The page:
Ethically conscious shopping exploded in 2018. More than a passing trend, it has become a movement that shows no signs of stopping! From the war on plastic to an awareness of the environmental impact of the food industry, consumers are actively seeking choices that help them live a more sustainable lifestyle. Holla 🙌!
There’s never been a better time for businesses who want to do good, so join us as we take a look at potential movers and shakers for 2019.
The rise of plant-based living
2019 started with a bang when high-street bakery Greggs launched a vegan sausage roll and sent social media into a frenzy! Consumers’ appetite for healthier and more sustainable food choices is clearly becoming mainstream. The number of people participating in Veganuary each year keeps growing, and the main reasons people list for getting involved is their concern about the impact of the meat and dairy industries on the environment.
This is having a huge impact on retailers as they try to meet their customers’ demands for more plant-based options. Sales of dairy-free milk increased by 20% in 2018, and teabag brand PG Tips have even developed a new blend that allows dairy-free tea lovers to enjoy the perfect cuppa!
2019 looks set to be the year that plant-based food choices become an increasingly more common sight in supermarkets, so watch this space!
Iceland show the realities of the palm oil industry
Iceland pledged to completely remove ALL palm oil from their own-brand products by the end of 2018 and encouraged people to avoid buying any products containing the product. Their heart-wrenching Christmas advert (and former Greenpeace ad) exposed the destruction that the palm oil industry has on the habitats of endangered orangutans, and although it was banned from TV, it blew up the internet and the message went viral.
Given that palm oil is found in more than half of all supermarket products, from bread to toiletries, customers demand for change could have a huge impact.
Will 2019 see other retailers make similar pledges?
The war on plastic
Supermarkets are estimated to create around 800,000 tonnes of plastic each year, and one third of it is not easily recyclable. For anyone wanting to limit their use of single-use plastic, this is clearly frustrating! Public demand combined with pressure from the government and environmentalists has resulted in nearly all UK supermarkets signing up to the UK Plastics Pact in April 2018.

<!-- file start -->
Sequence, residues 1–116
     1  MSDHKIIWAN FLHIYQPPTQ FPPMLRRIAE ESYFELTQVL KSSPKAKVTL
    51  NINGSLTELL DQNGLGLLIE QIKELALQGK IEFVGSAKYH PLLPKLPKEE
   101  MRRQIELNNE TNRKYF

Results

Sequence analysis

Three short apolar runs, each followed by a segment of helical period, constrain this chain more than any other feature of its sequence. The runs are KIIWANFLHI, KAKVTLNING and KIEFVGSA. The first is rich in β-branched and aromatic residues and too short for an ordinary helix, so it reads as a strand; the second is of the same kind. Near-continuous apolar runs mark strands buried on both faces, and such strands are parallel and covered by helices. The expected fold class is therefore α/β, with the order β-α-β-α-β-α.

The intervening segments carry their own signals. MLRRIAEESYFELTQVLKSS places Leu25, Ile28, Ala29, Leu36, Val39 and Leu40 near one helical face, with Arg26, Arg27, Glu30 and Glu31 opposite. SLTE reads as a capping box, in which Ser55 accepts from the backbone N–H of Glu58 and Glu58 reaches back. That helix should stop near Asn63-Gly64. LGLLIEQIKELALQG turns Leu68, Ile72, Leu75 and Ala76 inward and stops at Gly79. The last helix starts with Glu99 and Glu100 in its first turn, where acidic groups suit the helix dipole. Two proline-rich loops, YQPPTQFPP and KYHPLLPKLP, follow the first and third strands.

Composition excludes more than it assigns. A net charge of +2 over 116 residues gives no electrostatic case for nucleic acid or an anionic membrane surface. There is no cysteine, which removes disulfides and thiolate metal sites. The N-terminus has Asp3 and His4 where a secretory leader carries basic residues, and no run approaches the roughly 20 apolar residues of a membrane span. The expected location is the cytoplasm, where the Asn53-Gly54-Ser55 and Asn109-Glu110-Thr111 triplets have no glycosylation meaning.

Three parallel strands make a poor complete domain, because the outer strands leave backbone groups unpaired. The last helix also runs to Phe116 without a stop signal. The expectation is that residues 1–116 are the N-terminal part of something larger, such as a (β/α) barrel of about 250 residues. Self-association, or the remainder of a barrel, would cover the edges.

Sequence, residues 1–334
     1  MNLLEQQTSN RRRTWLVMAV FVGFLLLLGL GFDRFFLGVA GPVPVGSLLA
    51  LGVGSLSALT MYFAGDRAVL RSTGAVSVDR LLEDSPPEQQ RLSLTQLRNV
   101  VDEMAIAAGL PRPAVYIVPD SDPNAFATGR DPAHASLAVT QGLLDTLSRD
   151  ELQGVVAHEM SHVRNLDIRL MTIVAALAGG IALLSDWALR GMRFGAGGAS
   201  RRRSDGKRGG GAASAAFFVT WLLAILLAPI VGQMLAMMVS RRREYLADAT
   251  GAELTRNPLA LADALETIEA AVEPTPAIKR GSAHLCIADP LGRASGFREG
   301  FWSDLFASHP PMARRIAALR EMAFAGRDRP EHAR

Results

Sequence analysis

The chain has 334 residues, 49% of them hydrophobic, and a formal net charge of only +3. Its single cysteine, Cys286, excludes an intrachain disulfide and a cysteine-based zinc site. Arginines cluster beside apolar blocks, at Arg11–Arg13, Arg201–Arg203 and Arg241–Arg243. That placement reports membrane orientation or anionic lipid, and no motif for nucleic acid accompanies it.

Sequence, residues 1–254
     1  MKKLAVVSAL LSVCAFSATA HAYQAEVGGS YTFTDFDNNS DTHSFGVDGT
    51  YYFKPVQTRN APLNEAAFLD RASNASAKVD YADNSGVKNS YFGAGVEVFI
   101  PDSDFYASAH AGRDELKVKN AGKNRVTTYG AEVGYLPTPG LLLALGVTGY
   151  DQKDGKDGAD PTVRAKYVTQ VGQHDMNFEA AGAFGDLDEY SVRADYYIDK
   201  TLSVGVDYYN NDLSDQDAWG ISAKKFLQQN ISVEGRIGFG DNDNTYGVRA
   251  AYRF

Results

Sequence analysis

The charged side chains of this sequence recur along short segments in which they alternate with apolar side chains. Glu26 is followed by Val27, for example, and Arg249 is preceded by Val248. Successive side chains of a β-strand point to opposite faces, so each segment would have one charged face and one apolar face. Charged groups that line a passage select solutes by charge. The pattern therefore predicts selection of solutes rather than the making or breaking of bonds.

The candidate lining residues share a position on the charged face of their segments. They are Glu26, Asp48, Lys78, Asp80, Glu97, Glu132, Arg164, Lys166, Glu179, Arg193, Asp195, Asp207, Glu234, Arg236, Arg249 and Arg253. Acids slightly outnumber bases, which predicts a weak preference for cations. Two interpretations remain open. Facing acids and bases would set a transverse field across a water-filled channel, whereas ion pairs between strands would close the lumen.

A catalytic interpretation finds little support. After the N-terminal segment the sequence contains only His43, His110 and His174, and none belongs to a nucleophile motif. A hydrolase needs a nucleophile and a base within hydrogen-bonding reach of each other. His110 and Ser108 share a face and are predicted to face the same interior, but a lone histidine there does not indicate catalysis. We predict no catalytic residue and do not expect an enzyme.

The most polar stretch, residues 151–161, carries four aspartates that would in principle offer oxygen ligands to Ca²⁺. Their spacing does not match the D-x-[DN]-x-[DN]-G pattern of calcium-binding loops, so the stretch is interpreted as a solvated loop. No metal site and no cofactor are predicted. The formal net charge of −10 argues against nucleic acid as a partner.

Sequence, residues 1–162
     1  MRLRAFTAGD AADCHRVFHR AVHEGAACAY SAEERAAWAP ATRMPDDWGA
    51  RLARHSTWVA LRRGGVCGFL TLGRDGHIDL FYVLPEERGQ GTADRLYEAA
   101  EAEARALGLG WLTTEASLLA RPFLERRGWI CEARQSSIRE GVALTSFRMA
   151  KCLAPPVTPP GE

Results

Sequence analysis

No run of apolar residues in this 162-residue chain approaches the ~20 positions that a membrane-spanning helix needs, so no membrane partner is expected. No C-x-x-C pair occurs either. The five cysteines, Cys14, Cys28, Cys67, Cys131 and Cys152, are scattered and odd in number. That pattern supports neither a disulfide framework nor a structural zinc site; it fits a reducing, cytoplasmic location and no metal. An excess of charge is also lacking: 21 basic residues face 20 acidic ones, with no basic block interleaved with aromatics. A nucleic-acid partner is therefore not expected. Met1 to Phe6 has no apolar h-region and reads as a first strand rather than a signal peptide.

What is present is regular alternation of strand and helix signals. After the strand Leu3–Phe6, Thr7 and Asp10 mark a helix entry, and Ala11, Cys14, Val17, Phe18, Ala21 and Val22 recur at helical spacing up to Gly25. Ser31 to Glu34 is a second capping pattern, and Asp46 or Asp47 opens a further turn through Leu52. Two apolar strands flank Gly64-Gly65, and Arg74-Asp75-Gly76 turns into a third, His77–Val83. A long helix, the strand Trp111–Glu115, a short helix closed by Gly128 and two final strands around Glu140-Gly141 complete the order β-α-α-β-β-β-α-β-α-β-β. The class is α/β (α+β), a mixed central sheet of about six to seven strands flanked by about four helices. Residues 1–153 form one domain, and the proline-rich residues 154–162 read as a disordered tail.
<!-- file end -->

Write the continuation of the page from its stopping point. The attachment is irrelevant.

Other companies are also doing their bit to be more sustainable. One of the nation’s favourite snack producers, Walkers Crisps, has recently launched a new initiative to recycle all crisp packets as well as develop new recyclable packaging. Crisp-lovers simply have to leave their empty packets (of any brand) at designated collections points, where they will be cleaned and recycled.
Innovation is coming from all parts of the market, from big brands to start-ups. A runaway success for 2018 that shows no signs of slowing is the popularity of beeswax wraps – a safe and natural alternative to plastic packaging. Biodegradable, compostable and reusable, each beeswax wrap can last for up to one year. Not only do they help reduce the amount of single-use plastic, they also help cut down on food wastage by keeping foods fresher. A win-win for any conscious consumer wanting to reduce the amount of waste they send to landfill!
We can expect to see more innovative solutions to reduce single-use plastic in the coming years, music to our ears!
‘Single-use’ wins ‘Word of the Year’
The Collins English Dictionary ‘Word of the Year’ is an excellent marker for understanding widespread cultural trends. With the 2018 title going to ‘single-use’, it’s clear just how much awareness there is about the terrible effects that our consuming habits are having on our planet.
We’d love to know, what are your predictions for the 2019 title? Will it stay within the ethical shopping arena? Or will it be something completely different? Either way, we love how people are caring how and where they spend their money and we can’t wait to see what 2019 has in store!